This article discusses the implementation of the Japanese version of the Sarbanes-Oxley Act (J-SOX) that will occur in 2008 and the important role that enterprise architecture (EA) could play in that implementation. J-SOX enforcement will provide a compelling driver for information technology (IT) system replacements or upgrades that will have a big impact on the IT industry and might serve to establish a stronger EA presence in Japan. However, the successful use of EA methods requires fundamental changes in how executives and managers think about the enterprise, and as such this represents a significant change in corporate culture and governance that will not happen by itself. J-SOX compliance could be the driving force to facilitate EA’s use in Japan because enterprises will need to simultaneously transition to enterprise-level thinking and increase their agility to keep up with changing business requirements and comply with J-SOX.
Though it is largely an abstract concept, enterprise architecture (EA) has shaped, is shaping, and will continue to shape information technology. This four-part article traces the author’s observations and predictions about the current and future state of information technology, and the role that EA will play in that evolution. Part 3 looks forward to resolving the business issues and shortcomings of SOA, by discussing the next wave in the creation of a more perfect IT architecture, the embryonic Model and Event Driven Architecture (MEDA). It will discuss the business and technical challenges inherent in this migration from SOA to MEDA. In addition, it will suggest several potential business and technical issues that may arise as a result of the implementation of a MEDA.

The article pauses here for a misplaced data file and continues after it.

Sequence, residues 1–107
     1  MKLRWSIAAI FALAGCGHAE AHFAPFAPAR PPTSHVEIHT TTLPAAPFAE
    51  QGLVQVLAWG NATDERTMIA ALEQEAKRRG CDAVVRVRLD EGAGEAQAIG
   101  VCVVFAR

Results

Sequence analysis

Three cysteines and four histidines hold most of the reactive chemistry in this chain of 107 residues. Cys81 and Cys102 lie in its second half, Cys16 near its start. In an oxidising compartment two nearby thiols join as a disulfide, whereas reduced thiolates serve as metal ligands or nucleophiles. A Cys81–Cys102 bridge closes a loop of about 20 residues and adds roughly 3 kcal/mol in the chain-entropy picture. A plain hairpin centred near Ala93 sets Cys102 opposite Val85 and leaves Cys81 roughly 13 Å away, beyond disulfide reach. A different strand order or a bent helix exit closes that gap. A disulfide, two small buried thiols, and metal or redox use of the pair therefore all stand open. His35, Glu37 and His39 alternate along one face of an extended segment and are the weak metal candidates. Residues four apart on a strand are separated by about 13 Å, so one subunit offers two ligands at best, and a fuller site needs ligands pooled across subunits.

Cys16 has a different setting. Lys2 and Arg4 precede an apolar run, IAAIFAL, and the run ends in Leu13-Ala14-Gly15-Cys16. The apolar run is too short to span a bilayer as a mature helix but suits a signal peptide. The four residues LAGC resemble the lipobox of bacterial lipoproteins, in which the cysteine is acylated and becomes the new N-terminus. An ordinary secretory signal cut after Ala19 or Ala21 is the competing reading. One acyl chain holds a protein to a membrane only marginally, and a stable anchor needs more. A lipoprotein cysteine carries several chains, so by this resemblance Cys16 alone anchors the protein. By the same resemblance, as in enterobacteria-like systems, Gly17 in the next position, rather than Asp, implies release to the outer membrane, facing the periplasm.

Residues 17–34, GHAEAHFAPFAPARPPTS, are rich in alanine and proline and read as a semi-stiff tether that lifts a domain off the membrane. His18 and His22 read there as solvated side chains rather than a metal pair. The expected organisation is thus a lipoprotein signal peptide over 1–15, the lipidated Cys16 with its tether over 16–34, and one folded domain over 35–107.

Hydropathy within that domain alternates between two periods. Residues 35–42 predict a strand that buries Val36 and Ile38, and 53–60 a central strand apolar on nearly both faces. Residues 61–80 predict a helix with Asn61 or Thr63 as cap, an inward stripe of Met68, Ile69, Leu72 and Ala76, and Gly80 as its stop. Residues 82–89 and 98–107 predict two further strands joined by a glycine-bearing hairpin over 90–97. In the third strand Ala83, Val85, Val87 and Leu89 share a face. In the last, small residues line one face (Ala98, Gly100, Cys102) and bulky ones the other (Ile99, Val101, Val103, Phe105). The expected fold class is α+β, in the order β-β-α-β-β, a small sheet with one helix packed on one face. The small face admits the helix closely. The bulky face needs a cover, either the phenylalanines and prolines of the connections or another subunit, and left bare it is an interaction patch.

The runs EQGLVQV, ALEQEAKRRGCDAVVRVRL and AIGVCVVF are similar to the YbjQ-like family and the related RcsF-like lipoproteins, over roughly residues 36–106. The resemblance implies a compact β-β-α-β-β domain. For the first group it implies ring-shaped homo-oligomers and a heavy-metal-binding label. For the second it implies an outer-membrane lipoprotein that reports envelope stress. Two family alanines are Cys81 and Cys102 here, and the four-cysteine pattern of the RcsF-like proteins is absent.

To promote a better understanding of two leading approaches to enterprise architecture, this case study provides an analysis and comparison of the Department of Defense Architecture Framework (DoDAF) and the Zachman Enterprise Architecture Framework (ZEAF). The case study includes a history of the DoDAF and ZEAF, a summary of both approaches, and the results of a survey of IT professionals in the Department of Defense regarding the strengths, weaknesses, and usefulness of each approach. The survey found that a majority of the respondents believes the strengths of the DoDAF are that it distills information into manageable pieces, it provides a logical approach, and it is comprehensive. Some reported strengths of the ZEAF are it is an intuitive approach, easily adaptable, and well known. Some of the observed drawbacks of the DoDAF are it is cumbersome, inflexible, and unchangeable. Additionally, while the DoDAF has a schema to support the documentation of operational requirements and design decisions can be traced using the DoDAF architecture, it does not provide modeling capability for software configuration. The survey also found some drawbacks of the ZEAF are it is overly simplistic and lacks cognitive/business direction. For example, the ZEAF does not prescribe design tradeoffs, design rationale, or documentation of architecture decisions. None-the-less, both the DoDAF and ZEAF were found to be excellent tools that can be used to provide structure to the development of a holistic view of an enterprise.